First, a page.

Others have made this journey. In their grief, so many loving people have created new ways of reaching out to our community. I mention only one that I know well, the Russell Byers Charter School, a great new school under the leadership of Principal Salome Thomas-El, a school born out of the grief of the Byers family in the wake of their husband and father’s murder on the streets of Philadelphia.

May God continue to lead us who grieve to such amazing places where we find balm for our grief and peace and healing for our community.

We asked the mother of a victim of the streets to come forward and be with us this evening. Catherine Young gave birth to the irreplaceable Richard Johnson some twenty years ago. He was a lively person from birth, unforgettable. After his murder on the streets in the summer of 2005, hundreds of Saint Joseph’s Prep boys, his schoolmates, and young people from Richard’s South Philly neighborhood crowded the Church of Gesu for his funeral service. We thank his mother for sharing her grief with us then and in the many months that have passed. And we thank her for joining us this evening and sharing a few words about her hopes in the wake of such tragedy.

Sunday, February 18, 2007

The Merion Park waterfall in winter:
Sunday Homily: February 18, 2007 Luke 6, Love your enemies
A recent obituary caught my interest. It told the story of the life of Walter Sondheim, a civic leader in Baltimore Maryland who died this past week at the age of 98. His friends and associates lauded his wonderful skills in working with people and getting them to dream together about doing big civic projects in education and urban renewal. He said himself that it was more important to understand people than it was to like them. People said that, because of his great skills at understanding, he had no enemies.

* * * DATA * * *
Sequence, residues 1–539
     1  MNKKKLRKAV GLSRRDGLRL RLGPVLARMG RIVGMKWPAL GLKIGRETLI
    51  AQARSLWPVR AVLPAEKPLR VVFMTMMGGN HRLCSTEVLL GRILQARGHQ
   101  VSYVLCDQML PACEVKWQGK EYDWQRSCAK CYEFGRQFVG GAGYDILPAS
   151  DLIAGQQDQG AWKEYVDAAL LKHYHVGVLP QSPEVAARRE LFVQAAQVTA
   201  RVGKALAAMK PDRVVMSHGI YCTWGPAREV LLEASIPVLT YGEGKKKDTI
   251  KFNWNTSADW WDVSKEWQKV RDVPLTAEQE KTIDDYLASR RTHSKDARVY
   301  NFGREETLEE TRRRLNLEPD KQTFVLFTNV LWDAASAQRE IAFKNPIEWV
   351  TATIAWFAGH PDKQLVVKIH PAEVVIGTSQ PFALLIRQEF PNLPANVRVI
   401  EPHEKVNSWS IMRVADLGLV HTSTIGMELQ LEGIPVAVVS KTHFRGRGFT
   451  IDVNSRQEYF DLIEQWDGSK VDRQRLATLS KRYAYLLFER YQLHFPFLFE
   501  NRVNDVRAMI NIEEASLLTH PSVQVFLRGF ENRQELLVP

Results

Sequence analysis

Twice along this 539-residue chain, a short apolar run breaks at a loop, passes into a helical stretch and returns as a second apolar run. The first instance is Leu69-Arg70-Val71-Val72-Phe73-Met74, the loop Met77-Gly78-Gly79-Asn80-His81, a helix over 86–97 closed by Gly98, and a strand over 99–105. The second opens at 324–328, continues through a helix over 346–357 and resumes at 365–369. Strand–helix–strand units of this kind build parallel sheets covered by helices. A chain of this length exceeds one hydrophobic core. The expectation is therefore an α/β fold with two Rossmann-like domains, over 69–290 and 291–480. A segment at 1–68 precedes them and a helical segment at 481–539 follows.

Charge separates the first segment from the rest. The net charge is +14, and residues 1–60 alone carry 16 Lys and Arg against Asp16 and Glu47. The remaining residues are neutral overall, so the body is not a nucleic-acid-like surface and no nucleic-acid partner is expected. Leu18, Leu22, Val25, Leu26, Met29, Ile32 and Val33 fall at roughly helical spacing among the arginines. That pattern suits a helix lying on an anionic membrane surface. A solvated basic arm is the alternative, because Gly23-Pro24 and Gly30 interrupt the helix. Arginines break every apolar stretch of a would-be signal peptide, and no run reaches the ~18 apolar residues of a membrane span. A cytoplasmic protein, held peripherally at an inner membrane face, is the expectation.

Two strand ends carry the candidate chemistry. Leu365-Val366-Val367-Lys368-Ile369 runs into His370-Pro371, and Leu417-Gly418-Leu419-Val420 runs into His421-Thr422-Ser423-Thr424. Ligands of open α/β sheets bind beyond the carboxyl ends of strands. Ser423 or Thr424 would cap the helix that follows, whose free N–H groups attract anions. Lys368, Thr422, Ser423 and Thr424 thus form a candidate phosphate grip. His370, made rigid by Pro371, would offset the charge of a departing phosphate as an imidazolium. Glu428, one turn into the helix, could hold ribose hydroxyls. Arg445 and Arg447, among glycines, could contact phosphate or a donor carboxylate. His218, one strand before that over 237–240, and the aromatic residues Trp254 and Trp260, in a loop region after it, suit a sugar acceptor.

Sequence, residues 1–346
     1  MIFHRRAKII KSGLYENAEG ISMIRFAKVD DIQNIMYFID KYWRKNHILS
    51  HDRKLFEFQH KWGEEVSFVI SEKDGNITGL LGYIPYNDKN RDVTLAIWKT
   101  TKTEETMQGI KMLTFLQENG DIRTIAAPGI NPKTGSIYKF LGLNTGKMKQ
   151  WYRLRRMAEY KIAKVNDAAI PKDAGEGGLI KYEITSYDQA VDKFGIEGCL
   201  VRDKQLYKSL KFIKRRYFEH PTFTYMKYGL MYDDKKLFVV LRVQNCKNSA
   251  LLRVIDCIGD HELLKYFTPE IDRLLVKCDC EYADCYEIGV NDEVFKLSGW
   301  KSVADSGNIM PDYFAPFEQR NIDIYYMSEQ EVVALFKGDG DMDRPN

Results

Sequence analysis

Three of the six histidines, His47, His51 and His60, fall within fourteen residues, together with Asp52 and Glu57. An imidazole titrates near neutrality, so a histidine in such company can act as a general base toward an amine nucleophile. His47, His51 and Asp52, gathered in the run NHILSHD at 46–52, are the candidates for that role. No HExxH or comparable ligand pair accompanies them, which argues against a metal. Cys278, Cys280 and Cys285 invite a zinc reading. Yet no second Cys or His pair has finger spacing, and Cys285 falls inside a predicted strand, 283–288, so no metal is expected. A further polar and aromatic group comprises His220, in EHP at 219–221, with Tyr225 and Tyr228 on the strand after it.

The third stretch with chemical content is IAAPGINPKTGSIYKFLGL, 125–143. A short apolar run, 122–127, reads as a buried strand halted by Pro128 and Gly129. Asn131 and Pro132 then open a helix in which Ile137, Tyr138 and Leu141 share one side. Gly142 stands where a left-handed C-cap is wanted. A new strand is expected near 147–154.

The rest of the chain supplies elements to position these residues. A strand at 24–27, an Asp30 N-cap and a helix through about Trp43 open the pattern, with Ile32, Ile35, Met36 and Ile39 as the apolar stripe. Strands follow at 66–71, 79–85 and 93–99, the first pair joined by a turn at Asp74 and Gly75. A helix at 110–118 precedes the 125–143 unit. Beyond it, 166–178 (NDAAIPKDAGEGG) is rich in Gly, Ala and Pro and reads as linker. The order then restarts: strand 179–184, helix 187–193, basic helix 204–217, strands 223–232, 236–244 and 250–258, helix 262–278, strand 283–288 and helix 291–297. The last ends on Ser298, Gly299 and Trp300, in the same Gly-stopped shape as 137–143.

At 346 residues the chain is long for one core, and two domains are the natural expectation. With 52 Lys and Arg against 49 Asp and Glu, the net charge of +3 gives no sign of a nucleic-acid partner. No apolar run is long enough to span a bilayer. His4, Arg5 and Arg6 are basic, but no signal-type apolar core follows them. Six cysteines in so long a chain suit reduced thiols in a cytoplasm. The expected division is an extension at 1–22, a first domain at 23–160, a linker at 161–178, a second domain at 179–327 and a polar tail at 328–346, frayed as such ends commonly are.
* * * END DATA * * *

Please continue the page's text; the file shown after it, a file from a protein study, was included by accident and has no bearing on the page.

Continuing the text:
An unfortunate man, perhaps. Without enemies a person cannot go that extra mile that the Lord talks about when he instructs us to love our enemies.

But Mr Sondheim in his old age at least did not love his enemies like the aged woman who gave her own testimony on the topic: “It is easy for me to love my enemies at this stage of my life. I’ve outlived them all.”

…..The love of enemies is at the heart of the gospel teaching. It is well-known that it is this teaching that attracted Gandhi to Jesus…..

You are familiar with one of the most moving episodes in the famous movie about Gandhi’s life. It bears retelling. In 1947 when independence finally came to India, Gandhi was distressed that the country was split in two, into Muslim Pakistan and Hindu India. In the violence that followed independence, he fasted almost to the point of death in order to bring it to an end. One scene during the fast depicts an encounter that Gandhi has with a Hindu man. The Hindu came to him and said “I am going to hell.” Gandhi asked him why. He said he had killed a Muslim boy and he describes the boy’s death as a particularly brutal murder. Gandhi in a calm and measured voice replied, “I know a way out of hell. Find a child with no parents and raise it.” The man’s face lightens immediately with these promising words of direction. And then Gandhi adds: “Only make sure it is a Muslim child and raise it as a Muslim.” It is then that the man realizes how hard it is to get out of hell and to love one’s enemies.